Filter-related thromboembolism is a complicated process, which may be influenced by various filter types and designs, patient-specific underlying conditions, such as pregnancy or malignancy, and the intrinsic thrombogenicity of the device. This thrombogenicity is possible since a filter thrombus can be formed from the entrapped emboli within the filter. Furthermore, the filter could induce thrombus formation, as it is a foreign body. A thrombus could also be formed by DVTextension from the iliac and lower extremities veins. In our opinion, IVC filters should be implanted judiciously under absolute indications while the filter device application in clinical thrombotic conditions without approved indications, such as prophylactic use in patients without a history of PE, is strongly discouraged. Additionally, an implanted IVC filter must be retrieved whenever possible.


IVCT accounts for a substantial minority of DVT patients, although it is rare and liable to be underestimated. In accordance with venous thromboembolism, IVCT can be classified as either idiopathic/primary or provoked/secondary thrombosis, and various predisposing factors have been identified, including congenital IVC anomalies, malignancy, venous outflow obstruction/compression scenarios, such as BCS or May-Thurner syndrome, as well as hereditary thrombophilia, acquired APS especially lupus anticoagulants, and other risk factors for VTE. IVC filter-related complication has become an emerging cause of IVCT, which was also highlighted in our case series. Acknowledgement of these clinical high-risk features, as well as the relevant presentations, such as bilateral lower extremity swelling, lower back/pelvic pain, scrotum swelling, or PE, would help increase physicians’ awareness of IVCT. Anticoagulant therapy is the cornerstone of IVCT treatment after diagnosis, while CDT strategies might offer additional advantages.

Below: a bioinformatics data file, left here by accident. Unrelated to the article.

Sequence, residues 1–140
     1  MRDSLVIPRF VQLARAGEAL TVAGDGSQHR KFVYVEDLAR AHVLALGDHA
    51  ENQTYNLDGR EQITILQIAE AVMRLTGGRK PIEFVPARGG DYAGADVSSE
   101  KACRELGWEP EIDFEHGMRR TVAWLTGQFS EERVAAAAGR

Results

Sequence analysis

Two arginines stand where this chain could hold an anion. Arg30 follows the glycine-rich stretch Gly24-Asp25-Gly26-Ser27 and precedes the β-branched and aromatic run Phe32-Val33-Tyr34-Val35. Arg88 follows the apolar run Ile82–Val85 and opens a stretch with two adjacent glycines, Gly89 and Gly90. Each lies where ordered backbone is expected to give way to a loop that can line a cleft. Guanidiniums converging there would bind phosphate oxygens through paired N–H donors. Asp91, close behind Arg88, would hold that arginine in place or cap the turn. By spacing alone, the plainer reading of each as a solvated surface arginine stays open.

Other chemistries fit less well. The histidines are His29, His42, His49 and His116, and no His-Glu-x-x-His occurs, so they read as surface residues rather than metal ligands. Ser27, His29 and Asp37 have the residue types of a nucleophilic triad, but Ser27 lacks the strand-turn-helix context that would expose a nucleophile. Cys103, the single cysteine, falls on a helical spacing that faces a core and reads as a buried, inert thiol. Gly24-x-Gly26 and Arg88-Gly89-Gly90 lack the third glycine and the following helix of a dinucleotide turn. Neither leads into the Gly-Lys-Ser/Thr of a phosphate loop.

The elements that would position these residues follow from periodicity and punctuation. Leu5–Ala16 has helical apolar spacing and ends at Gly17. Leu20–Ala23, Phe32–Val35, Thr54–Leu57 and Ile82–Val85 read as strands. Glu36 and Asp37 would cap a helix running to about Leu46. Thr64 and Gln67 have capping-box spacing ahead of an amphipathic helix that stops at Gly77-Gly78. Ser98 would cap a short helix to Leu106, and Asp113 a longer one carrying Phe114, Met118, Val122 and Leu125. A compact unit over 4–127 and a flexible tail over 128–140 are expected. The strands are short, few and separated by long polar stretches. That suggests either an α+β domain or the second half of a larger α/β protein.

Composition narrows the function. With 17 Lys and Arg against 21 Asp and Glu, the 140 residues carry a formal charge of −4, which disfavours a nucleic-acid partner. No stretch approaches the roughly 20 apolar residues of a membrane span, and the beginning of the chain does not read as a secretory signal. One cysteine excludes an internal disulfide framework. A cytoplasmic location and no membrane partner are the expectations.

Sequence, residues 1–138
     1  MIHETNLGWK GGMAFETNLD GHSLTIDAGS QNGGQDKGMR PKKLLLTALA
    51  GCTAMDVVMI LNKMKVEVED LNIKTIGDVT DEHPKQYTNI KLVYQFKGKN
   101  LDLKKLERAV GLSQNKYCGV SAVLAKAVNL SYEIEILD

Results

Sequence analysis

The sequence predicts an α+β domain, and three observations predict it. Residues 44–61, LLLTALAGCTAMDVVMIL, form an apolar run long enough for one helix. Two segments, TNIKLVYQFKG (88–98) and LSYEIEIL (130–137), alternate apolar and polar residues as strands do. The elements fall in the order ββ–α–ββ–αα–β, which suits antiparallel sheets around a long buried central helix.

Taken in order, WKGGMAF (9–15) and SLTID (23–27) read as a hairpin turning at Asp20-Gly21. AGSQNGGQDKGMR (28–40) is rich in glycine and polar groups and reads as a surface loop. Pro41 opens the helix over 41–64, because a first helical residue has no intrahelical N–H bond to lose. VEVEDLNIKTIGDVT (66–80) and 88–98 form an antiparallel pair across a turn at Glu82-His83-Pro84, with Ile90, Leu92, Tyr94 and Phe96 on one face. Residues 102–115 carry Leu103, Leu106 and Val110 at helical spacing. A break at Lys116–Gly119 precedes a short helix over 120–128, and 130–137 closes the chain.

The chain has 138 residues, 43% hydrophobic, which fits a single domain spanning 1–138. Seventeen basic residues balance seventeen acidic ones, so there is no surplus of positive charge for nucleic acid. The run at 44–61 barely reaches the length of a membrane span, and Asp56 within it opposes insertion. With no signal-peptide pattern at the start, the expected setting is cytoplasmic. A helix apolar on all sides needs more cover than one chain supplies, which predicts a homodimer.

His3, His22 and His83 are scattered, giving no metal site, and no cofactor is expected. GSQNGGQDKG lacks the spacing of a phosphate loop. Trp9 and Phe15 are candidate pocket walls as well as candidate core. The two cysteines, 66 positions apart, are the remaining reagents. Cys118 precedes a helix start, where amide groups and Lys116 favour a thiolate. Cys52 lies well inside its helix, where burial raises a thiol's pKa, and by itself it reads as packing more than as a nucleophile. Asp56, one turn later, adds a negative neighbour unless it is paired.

Availability of data and materials

All data generated or analyzed during this study are included in this published article.



American College of Chest Physicians


American Society of Hematology


Budd-Chiari syndrome




Catheter-directed thrombolysis


Deep venous thrombosis


Essential thrombocythemia


Food and Drug Administration


Inferior vena cava


Inferior vena cava thrombosis


Myeloproliferative neoplasm


National Institutes for Health and Care Excellence


Pulmonary embolism


Venous thromboembolism


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HY and CY collected and interpreted the patient data. MC proposed the study design and supervised the entire study process. HY was a major contributor to the writing of the manuscript. All authors have read and approved the final manuscript.

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Correspondence to Ming-Ching Shen.

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All patients provided informed consent to participate in this study, and the research was conducted in accordance with the Declaration of Helsinki. The study design was approved by the ethics review board of Changhua Christian Hospital. IRB No. 071014.

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Lin, HY., Lin, CY. & Shen, MC. Review article inferior vena cava thrombosis: a case series of patients observed in Taiwan and literature review. Thrombosis J 19, 43 (2021).

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  • Inferior vena cava
  • Venous thromboembolism
  • Pulmonary embolism
  • Taiwan
  • Vena cava filters
  • Post-thrombotic syndrome